THE SECTARIAN SPIRIT IN LLANELLY. I REFLECTIONS AND COMMENTS. [BY SIRIUS.] I cannot congratulate the Rev. T. Johns, on the letter which appeared from his pen last week in your two contemporaries in relation to the sectarian spirit in Llanelly. At the outset, I wish to make it clear that I have no sympathy with a harmful sectarianism indeed, if public interest in municipal affairs in Llanelly is to mean also the expansion and intensifica- tion -of sectarian competition in our annually-recurring elections, 1 for one will hail with satisfaction the reduction of public interest to an irreducible minimum. Infinitely better that there should be no inter- est at all than that the gauge and test of candi- dates for municipal honours should be provided in purely denominational watchwords. If the old conditions in vogue in our municipal elec- tions are to be obliterated, and a new specific and unalterable test is to be imposed, let us have an undisguised contest between Liberal and Con- servative. To pit Baptist against Independent, and Calvinistic Methodist against Wesleyan is a desecration of the sacredness of denomina- tional divisions. It is dragging some of our most cherished convictions through the mud. Having cleared the way so far, I will now return to the epistle which has appeared from the pen of the Rev. T. Johns. His letter was published in each of your contemporaries, but I notice that it did not appear in the Llanelly Mercury. Even in this respect,he was certainly ill-advised, although when placed alongside other un- pleasant reflections to which his letter disposes us, this is a mere detail of very small signifi- cance. A week earlier, one of your contempor- aries contained a paragraph, embodied in the week's municipal notes, to the effect that Mr. Johns was charged with having made,two years ago, a communication to a Welsh weekly congratulating the Congregationalists upon the success attending them in the municipal election which had just concluded at Llanelly. I wouldn't have a word of complaint to make against the reverend gentleman if he had con- tented himself with denying the charge. Unfor- tunately, Mr. Johns was not so content. His letter, as a matter of fact, is a long and irritat- ing one. There is not an emollient reference in it from beginning to end. This is much to be regretted. That the paragraph in question did appear in a Welsh newspaper is an absolute certainty. Here, at any rate, we are not dealing with questions of opinion, but those of fact. The paragraph was not merely in the worst of bad tastes, but was in many particulars abso- lutely untrue. In that election, there was not a suggestion made in favour of imposing a seotanan test, nor was a denominational gauge in the least degree the vogue. Curiously enough, a considerable number of Congrega- tionalists were elected, but they did not succeed as Congregationalists. I confidently affirm that the great mass of the ratepayers never gave a thought to the denominational proclivities of the candidates seeking their suffrages. The para- graph in the Tyst, therefore, claiming the elect- ion as a great Congregationalist victory was false- Whoever wrote it committed a gross indiscre- tion, to say the least. It was only human that the Baptists should feel aggrieved at the publication of a statement so entirely at variance with the facts of the situation. There is not a Baptist in the community who desires to charge the Congregationalist body with being privy to the communication. The contribution was doubtless the silly effusion of a rash and an unreasoning denominationalist. The error of the Congregationalists, as a body, was one of omission, not of commission. Much irritation would have been allayed, a great many com- plications avoided, if a Congregationalist of authority, entitled to speak for the entire body, had written to the Tyst repudiating the dan- gerous absurdities promulgated by the correspondent a week earlier. I have not seen ar.y repudiation of the communication to this day. Mr. Johns, in his letter of last week, might have done a great deal to relieve the tension, but I am sorry to a degree to find that he has only made matters worse. Instead of allaying the irritation,he hasincreased it. Instead of content- ing himself with denying the authorship of the letter and repudiating its contents on behalf of the Congregationalists, he calls for the produc- tion of the article, and the naming of the weekly wherein it appeared. The article is a matter of common notoriety, and personally, I have no desire to see it reproduced anywhere. Mr. Johns, however, goes much further than this, and it is in the going further," that the indis- cretion of his communication is most pro- nounced. The comparison instituted between the magnanimous Independent lion and the "BaDtist demon" was in anything but good taste, and is calculated to give rise to much differeace and bitterness where none need exist. When Mr. Johns proceeds to deal with the representation of the various denominations on the School Board, not only is his taste at fault but his facts as well. He charges the Bap- tists with having broken the original compact by running four candidates instead of two. It is quite true that there are four Baptists on the Board at present, but one of the number stood as an independent candidate. Has Mr. Johns forgotten that at the last School Board -election, the Congregationalists also ran three candidates ? If I were disposed to harshly criticise Mr. Johns, there would be room here, but I have great respect for him, and much regret that he should have penned such an extraordinary epistle. In conclusion, Mr. Johns makes the astonishing statement that with one or two exceptions all the principal appointments under the Board are given to Baptist schoolmasters." Perhaps Mr. Johns will give us a chapter and verse.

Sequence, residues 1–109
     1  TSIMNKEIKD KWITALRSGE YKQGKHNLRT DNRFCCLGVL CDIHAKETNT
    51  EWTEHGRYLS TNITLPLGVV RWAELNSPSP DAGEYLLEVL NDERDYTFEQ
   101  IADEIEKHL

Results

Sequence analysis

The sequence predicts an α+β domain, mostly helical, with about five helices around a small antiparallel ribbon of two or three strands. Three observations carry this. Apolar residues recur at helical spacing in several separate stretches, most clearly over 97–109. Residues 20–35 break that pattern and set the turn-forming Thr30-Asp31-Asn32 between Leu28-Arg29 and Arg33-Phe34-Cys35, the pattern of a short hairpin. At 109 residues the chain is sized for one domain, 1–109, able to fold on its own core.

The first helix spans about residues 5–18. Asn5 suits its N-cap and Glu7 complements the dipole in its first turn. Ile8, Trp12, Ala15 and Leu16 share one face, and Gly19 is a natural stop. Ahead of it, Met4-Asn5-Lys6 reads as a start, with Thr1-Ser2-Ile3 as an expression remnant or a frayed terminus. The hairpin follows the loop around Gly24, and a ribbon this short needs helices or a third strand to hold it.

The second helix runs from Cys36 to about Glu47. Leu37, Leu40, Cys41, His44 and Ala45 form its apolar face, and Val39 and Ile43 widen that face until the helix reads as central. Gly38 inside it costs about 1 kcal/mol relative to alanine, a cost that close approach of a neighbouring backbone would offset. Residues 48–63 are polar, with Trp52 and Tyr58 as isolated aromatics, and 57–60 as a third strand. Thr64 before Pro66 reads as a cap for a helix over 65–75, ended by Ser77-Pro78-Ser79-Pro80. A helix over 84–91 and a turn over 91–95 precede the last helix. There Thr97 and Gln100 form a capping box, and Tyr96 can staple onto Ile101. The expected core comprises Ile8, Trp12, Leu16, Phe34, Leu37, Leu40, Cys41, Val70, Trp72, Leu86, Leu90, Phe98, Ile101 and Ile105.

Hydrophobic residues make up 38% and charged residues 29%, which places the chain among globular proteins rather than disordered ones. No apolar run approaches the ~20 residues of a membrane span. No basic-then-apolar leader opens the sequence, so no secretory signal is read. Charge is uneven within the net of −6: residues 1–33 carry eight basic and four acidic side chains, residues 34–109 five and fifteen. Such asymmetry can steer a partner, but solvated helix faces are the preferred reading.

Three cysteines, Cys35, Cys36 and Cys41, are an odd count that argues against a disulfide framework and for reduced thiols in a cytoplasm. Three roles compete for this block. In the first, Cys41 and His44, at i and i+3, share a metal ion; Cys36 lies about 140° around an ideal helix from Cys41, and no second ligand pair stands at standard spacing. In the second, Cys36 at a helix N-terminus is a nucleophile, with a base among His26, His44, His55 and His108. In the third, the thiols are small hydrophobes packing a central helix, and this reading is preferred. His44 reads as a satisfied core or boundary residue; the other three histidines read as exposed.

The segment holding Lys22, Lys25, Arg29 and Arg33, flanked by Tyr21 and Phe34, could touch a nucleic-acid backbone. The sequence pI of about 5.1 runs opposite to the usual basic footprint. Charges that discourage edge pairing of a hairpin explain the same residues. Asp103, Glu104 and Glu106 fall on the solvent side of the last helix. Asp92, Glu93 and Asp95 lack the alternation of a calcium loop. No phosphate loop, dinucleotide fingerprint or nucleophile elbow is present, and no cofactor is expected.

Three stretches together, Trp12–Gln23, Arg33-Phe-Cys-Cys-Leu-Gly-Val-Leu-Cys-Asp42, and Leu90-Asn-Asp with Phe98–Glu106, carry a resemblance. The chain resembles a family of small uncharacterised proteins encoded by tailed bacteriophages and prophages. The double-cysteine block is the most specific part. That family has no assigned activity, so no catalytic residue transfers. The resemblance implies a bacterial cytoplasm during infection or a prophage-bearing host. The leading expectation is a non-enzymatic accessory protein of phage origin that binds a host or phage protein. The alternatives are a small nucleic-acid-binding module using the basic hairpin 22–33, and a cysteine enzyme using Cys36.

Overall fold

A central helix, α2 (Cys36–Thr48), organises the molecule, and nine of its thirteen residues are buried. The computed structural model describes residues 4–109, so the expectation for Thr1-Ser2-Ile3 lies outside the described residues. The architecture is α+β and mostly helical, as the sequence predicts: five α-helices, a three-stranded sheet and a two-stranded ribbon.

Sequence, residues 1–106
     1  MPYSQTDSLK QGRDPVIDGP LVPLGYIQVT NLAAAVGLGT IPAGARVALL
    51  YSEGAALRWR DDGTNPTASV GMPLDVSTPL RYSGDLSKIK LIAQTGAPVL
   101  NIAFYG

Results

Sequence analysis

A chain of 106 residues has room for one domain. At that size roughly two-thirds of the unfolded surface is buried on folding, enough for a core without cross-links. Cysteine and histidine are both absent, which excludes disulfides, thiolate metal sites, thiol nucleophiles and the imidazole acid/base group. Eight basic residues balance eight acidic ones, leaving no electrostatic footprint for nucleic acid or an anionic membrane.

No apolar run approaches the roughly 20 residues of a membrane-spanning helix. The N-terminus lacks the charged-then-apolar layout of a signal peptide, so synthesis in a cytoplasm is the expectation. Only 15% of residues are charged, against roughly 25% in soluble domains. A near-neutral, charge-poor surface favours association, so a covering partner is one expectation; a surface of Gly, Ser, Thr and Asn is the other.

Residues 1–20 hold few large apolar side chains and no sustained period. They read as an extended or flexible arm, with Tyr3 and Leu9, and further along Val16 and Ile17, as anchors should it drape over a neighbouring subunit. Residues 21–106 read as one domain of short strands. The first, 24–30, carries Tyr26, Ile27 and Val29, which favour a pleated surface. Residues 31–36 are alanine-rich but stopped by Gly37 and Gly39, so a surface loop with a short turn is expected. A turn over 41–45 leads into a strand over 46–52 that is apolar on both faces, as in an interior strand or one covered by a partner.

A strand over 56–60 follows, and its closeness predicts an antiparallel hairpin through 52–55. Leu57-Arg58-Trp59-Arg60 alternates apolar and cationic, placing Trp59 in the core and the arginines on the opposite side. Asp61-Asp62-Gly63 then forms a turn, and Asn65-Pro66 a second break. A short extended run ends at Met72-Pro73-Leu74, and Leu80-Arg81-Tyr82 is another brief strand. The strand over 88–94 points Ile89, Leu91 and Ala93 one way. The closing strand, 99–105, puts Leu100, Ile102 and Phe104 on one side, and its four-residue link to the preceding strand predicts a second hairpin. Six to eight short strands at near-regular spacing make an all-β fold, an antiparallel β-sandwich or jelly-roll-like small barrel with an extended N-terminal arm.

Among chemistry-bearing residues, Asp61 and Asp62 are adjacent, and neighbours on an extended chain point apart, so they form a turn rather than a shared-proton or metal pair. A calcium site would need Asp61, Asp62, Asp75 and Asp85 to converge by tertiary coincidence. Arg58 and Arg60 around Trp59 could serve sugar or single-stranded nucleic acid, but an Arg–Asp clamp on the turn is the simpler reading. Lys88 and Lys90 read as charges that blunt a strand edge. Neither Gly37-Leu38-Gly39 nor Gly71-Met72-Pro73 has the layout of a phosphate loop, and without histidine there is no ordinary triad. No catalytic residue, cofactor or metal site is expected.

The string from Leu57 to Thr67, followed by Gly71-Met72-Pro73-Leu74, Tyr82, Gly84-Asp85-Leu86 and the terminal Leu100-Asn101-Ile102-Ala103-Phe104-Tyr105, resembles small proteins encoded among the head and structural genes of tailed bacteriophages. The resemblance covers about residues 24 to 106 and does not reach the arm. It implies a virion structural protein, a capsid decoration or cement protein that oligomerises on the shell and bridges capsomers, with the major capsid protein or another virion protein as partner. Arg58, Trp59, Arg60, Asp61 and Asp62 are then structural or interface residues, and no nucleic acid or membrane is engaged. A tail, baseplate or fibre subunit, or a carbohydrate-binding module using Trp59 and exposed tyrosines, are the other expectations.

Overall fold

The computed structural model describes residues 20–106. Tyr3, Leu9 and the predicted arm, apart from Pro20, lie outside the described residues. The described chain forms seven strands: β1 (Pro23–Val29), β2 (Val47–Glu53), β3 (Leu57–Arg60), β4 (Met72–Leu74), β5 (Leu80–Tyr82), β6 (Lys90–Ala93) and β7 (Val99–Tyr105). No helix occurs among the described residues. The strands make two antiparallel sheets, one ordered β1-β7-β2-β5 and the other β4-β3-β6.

ECHOES OF THE WEEK. [Bv "SIRIUS."] PUPII. TEACHERS' CENTRE CLASS. Mr. J. Duckworth, B.A., chief of the pupil teachers' centre at Llanelly, is to be warmly congratulated on the splendid success obtained by the students of the class at the recent Queen's scholarship examination for admission into the various training colleges of the country. I believe I am correct in saying that this year's successes establish a record, gratifying both to Mr. Duckworth and all those concerned in edu- I cational work at Llanelly, together with the public generally. Out of sixteen candidates presented there is not a single failure, and eight of the sixteen won places in the first division, some taking very honourable positions on the list. This is eminently satisfactory proof of good work done at the centre. These results go to shew that the centre is now firmly established on a sound basis, and the work, having once commenced to tell, one is entitled to hope that even more gratifying results will be registered in the future. THE JUBILEE CELEBRATIONS. I It seems to me that the time has come for making preparations for the celebrations of the Queen's Diamond Jubilee at Llanelly. I am not referring to the steps needful for establish- ing a permanent reminder in our midst of the long and beneficent reign of Her Most Gracious Majesty. If an allusion to the permanent form of the celebration may be permitted here, it may I think with propriety and accuracy be remarked that all sections of the population are pretty well agreed that the Hospital, the liquidation of the debt, and the expansion of its boundaries, should be the recipient of our philantrophy. I wish to direct attention, how- ever, to the necessary details connected with the fleeting- commemoration of the great reign. As June 22nd is to be a general holiday, it appears to me that Llanelly ought to come out handsomely [in the celebration of the great eveiat. The children, I imagine, ought to have a genuine day out," and a pyrotechnic exhibition ought to be guaranteed for the evening. These, how- ever, are only a few suggestions, and the real purpose of this note is to stir up the patriotic spirit in the town with the view of having a celebration committee formed to take the work in hand, THE CONTEST IN No. II WARD. j Your Unionist contemporary in its issue of last week made a few obviously spiteful references to the successful candidature of Mr. Arthur Edgar Davies in Ward II. I have no objection to criticism, however strong, provided it is fair. The criticism under notice, however, is the apotheosis of unfairness. Your contemporary objects not so much to the fact that Mr. Davies was returned at the head of the poll by a tremendous majority, but to the fact that Mr. Davies occupies that dis- tinguished position without any assistance from itself. This, however, offers no excuse for the under-the-belt-hitting in which your contem- porary indulged last Thursday. The allusion to the fictitious confusion in the minds of the ratepayers of Mr. Arthur Edgar Davies with Mr. Arthur D. Davies appeared to be introduced for the express purpose of instituting, in the worst of bad taste, a contrast between the philanthropic intuitions of both gentlemen, whereas your contemporary had no ground for suggesting that a contrast was possible. The absurdity and illogicalness of your contem- porary's criticism, however, appeared chiefly in the other reason offered for the large majority of Mr. Davies. The supplementary reason was that Mr. Davies and some of his friends had made a thorough canvass of the ward. Anyone with a grain of common sense would see that both reasons cannot hold good together. If, as your contemporary stated, Mr. Davies and his friends made a thorough canvass of the district, there could have been no confusion in the minds of the ratepayers as to who and what Mr. Davies, the candidate, was. I PROPOSED FREE LIBRARY. It is extremely gratifying to me to find that the governing body of the Llanelly Mechanics' Institution is vigorously and thoroughly inves- tigating the question of converting the present institution into a free library. As one in sym pathy with the free library movement, this thorough investigation is especially gratifying, because I am convinced that the more exhaus- tive the investigation is, the more certain will be the decision of the committee in favour of the proposal which the Rev. Elvet Lewis has so ably submitted to his fellow-committeemen. The debate on the question at the last meeting of the committee on Friday evening was ex- ceedingly full and interesting, most of the ground both for and against being well covered by the respective advocates of both principles. It seems to me, however, that the opponents of the proposal, skilful as they are in debate, are fighting against a great and irresistible development of contemporary civilization and developments of this kind, thwarted perhaps for a time, are bound eventually to prevail. I would recommend to the attention of my readers the excellent editorial note in the Western Mail in support of the proposed change, and especially that portion dealing with the success of the free library movement at Cardiff and Swansea, to which the supporters of a free library at Llanelly have referred as evidence of the use- fulness of the movement. I fervently hope that the committee will speedily give their assent to the proposal and accelerate so far as they can the preliminaries connected with carrying the proposal to a successful issue. One word of caution I would offer, and only one. I have already said that the committee are pur- suing a thorough and exhaustive investigation, but it is necessary that the investigation should not be unduly delayed in the interests of the existing institution. If the latter is to be con- verted into a free library, the sooner we know it the better. The question, moreover, has been simmering for months, and it is time that a decisive settlement was come to one way or the other. THE VOTING AT MOREWOOD'S. I The voting at Morewood's in connection with the appointment rendered vacant by the lamen- ted death of Dr. Jones presents one eminently gratifying feature. I am not concerned with the appointment per se. It seems to me that this is a question that had best be left to the men themselves. For myself, at any rate, I propose to say nothing thereon. The gratifying I feature to which I have referred is the small number of spoilt votes recorded in the initial ballot on Saturday last. Out of nearly a thou- sand hands who went to the poll, there was only one who absolutely ruined his paper. There were five men who did not rigidly o bserve the conditions imposed, but four of those left no doubt as to the doctors of their choice. The votes of those four men would have been considered valid in any parliamentary or a municipal election. The number of spoilt votes, therefore, is reduced to one. This is extremely gratifying and reflects the greatest credit upon the intelligent interest taken in the contest by the employees of Messrs. Morewood & Co. This irreducible minimum compares very favourably, to say the least, with the spoilt votes which went unrecorded at the recent selection at the Borough Council in relation to the appointment of a town clerk. I ECHO OF THE BOROUGH COUNCIL ELECTION. In one of your contemporaries last week an unfortunate and misleading comment was made in reference to the recent Borough Council Election. The comment is doubly unfortunate by reason of the fact that it is calculated to embitter the relationship existing between two powerful Nonconformist bodies in the town, denominations between whom the incautious and imprudent statements of over-zealous friends had previously hastened a spirit of strain and division. The reference in question was to the effect that the defeat of Mr. David Thomas and Mr. Owen Charles in Ward III was due to the fact that both the Rev. Idwal Jones and the Rev. W Trevor Jones had been actively engaged in canvassing on the other side. Now I happen to know fiom personal investigation that there is absolutely no truth in this state- ment, and inasmuch as the reference is not unnaturally calculated to deepen an already accentuated sectarian difference, it is a thousand pities that the allusion was made. I am informed on good authority that neither at Bethel nor at Bethania was any special interest taken in the contest. There was cer- tainly no advice, not to speak of instructions, offered to the worshippers as to the men in whose favour they should register their votes. Then as to the specific charge against the reverend gentlemen who minister to the needs of the congregations mentioned, in both cases it is particularly wide of the mark. While the polling was taking place, the Rev. Idwal Jones was, as a matter of fact, in North Wales. As to the Rev. Trevor Jones, he contented himself with going to the polling booth, registering his vote, and returning home.